Planet X on the outskirts of the solar system may be a black hole

UNITED STATES, WASHINGTON (OBSERVATORY) — The strange trajectories of celestial bodies on the outskirts of the solar system, which are indicated by some observational data, hint at the existence of an unknown object with a mass of about five terrestrial ones. Scientists usually assumed that they were dealing with a planet.

However, Jakub Scholz from Durham University and James Unwin from the University of Illinois at Chicago have put forward a new theory intriguing. In their opinion, this may be a small black hole formed in the first second after the Big Bang.

The authors claim that this hypothesis explains the observed orbits of trans-Neptune objects no worse than the version with a planet. In addition, the OGLE project data indicate that small massive objects can exist in the vicinity of the Sun, manifesting themselves as gravitational lenses.

What are primary black holes?

Astrophysicists know only one process, which, at least theoretically, can lead to the formation of black holes with a mass significantly less than that of stars. This is the birth of primary black holes (PSH). To date, the existence of these objects has not been proven.

However, cosmologists are confident in their existence, since it follows from well-verified theories of theories.

Recall what we are talking about. In the early Universe, there were regions of increased density of matter. Thanks to gravity, matter gathered around them like a snowball. So gradually the galaxies were born. And where the density was too high, primary black holes arose.

It is believed that all PSD formed within the first second after the Big Bang. Their masses were very diverse, from a speck of dust to hundreds of thousands of suns. In this case, the lightest black holes formed most of all, a little heavier ones appeared in a smaller amount, and so on. This situation resembles the living world: there are more microbes than cockroaches, and there are more cockroaches than elephants.

The smaller the black hole, the more intense it emits Hawking radiation. It spends its mass on this process, because of which it begins to radiate even stronger, and so on. It ends with a flash that looks like an explosion.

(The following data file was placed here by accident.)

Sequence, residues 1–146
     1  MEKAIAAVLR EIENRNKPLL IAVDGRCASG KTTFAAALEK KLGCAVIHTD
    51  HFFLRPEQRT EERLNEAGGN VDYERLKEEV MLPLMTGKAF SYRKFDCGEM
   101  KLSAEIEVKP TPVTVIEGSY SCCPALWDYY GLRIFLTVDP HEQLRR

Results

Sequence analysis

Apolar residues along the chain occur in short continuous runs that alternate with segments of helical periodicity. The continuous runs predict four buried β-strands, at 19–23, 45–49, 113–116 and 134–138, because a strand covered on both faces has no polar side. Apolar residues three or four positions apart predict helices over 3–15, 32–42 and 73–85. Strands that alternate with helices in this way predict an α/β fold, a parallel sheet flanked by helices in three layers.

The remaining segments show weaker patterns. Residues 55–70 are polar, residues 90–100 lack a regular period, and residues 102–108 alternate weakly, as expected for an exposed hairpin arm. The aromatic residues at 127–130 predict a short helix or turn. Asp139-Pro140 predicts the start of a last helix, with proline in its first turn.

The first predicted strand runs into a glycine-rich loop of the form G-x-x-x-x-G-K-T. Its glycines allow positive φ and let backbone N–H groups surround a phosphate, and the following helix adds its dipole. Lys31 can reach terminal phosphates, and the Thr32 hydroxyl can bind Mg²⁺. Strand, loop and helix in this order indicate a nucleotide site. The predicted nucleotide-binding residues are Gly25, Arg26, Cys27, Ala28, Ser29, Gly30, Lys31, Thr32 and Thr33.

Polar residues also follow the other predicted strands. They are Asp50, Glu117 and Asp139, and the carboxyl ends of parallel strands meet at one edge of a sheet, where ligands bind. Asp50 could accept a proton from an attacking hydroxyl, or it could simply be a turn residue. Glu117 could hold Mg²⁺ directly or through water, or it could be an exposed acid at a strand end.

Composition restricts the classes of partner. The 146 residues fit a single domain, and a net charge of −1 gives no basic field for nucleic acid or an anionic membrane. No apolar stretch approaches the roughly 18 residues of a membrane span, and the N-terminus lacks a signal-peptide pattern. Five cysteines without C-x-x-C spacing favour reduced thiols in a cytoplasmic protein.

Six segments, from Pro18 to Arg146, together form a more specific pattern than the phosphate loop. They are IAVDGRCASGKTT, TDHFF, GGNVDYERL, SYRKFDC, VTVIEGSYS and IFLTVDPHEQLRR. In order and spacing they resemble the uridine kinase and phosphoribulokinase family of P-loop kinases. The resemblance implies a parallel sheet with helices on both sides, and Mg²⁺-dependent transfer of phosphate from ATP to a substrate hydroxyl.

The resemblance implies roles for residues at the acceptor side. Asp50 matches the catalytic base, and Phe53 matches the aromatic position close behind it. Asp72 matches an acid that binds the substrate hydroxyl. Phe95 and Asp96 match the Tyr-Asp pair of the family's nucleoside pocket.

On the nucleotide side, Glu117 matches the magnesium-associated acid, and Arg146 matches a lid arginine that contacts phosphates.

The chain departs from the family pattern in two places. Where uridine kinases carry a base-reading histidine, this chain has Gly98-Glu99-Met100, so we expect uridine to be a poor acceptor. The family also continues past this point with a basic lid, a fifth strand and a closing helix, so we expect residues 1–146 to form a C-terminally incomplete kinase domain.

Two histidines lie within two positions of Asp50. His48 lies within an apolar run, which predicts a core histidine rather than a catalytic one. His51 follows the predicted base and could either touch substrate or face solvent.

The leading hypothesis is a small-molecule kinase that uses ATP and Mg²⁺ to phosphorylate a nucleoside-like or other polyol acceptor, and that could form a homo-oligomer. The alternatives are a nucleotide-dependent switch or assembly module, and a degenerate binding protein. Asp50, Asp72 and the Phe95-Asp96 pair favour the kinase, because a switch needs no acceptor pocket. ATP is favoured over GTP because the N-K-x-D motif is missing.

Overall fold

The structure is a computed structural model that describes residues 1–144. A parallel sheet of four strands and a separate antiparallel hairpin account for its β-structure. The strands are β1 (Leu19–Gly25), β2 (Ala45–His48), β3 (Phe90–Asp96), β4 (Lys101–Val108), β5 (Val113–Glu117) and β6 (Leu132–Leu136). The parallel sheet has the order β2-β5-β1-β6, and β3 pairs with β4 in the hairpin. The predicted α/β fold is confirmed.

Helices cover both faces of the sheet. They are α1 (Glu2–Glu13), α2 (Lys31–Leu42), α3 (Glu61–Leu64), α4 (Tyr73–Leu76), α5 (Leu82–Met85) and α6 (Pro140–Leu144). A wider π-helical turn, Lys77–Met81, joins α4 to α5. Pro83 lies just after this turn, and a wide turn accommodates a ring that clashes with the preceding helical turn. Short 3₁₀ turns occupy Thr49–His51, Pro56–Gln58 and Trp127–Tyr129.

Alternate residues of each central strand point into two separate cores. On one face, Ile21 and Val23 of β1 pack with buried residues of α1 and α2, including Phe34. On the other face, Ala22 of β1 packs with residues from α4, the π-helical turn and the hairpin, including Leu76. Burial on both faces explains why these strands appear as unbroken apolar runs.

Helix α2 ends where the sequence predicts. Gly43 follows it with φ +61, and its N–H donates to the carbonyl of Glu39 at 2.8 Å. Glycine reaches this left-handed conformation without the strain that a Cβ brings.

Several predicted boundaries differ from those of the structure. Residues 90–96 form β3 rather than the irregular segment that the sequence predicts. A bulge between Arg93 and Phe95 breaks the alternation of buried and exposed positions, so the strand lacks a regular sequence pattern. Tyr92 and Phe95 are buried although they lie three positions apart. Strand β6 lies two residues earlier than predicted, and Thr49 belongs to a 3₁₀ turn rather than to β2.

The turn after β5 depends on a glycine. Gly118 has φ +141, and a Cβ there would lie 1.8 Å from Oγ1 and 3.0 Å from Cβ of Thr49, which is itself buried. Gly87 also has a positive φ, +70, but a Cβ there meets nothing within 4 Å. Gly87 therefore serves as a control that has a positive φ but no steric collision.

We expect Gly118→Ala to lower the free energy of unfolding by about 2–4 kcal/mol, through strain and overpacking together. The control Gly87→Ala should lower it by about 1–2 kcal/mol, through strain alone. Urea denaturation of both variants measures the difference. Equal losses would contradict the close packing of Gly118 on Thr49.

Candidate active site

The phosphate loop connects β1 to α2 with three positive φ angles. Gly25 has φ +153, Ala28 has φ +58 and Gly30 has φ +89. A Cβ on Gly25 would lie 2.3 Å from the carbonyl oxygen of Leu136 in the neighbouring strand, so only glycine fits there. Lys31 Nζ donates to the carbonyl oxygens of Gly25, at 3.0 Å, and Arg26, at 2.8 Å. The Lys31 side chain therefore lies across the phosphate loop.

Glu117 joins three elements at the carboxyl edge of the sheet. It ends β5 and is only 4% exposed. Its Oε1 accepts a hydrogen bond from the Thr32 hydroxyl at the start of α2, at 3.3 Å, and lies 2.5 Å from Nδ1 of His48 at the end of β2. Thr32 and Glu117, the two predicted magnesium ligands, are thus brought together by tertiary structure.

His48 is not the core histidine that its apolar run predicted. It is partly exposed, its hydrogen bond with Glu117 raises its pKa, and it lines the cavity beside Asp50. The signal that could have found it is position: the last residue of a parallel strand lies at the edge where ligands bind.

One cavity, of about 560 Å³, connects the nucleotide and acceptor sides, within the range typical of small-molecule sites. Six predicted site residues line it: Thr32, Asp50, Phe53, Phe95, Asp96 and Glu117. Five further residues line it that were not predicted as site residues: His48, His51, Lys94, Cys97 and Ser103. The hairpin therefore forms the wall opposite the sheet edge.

Such bursts of exploding PSDs should be made known by gamma radiation and emissions of antimatter. However, while astronomers have not observed such phenomena. This suggests that quite a few primary black holes have formed in the Universe (although their exact number remains in question).

Thus, a hypothetical black hole weighing five earthly can be a greeting from the first second of the life of the Universe. Her study could provide the first direct information about that distant era. No objects already discovered by astronomers have formed so early. The first atomic nuclei, which determined the chemical composition of the Universe, were born in the first minutes after the Big Bang.

Relic radiation set off to wander through space through hundreds of thousands of years.

Astronomers are unbelievably lucky if the PSD really shows up so close to the Sun. After all, object X, according to experts, is located from our luminary at a distance of 300 to 1000 astronomical units (1 AU is the distance from the Earth to the Sun). For comparison: to the nearest star, hundreds of thousands of astronomical units.

So a planet or not?

However, how to make sure that it is a black hole, not a planet? A black hole of this mass cannot be called enormous: its diameter will be only a few centimeters. To detect it by Hawking radiation is also problematic: it is too weak, several orders of magnitude weaker than the relict one.

The authors hope that the signal will be x-ray and gamma radiation emitted by dark matter when incident on a black hole. However, there are a lot of assumptions in this approach. The properties of dark matter are by and large unknown. Its density in the vicinity of the Earth is also not very accurately measured.

No matter how seductive the new hypothesis, scientists prefer to explain the observed phenomena as the most probable, and therefore the most prosaic, reasons.

At the moment, not all experts are ready to agree even that there is something in the orbits of trans-Neptune objects that needs to be explained. And if such an explanation is really needed, then in its capacity as experts, the super-earth will be more suitable, since there are already a lot of planets of this class (as far as we know now, they are generally the most numerous in the Galaxy).

Thus, only very compelling facts, excluding other explanations, can make the scientific community accept as a priority hypothesis that the mysterious object X is a black hole.

Be that as it may, the hypothesis of the mysterious “X” attracts the attention of observers to the little-known outskirts of the solar system and helps them make new discoveries .

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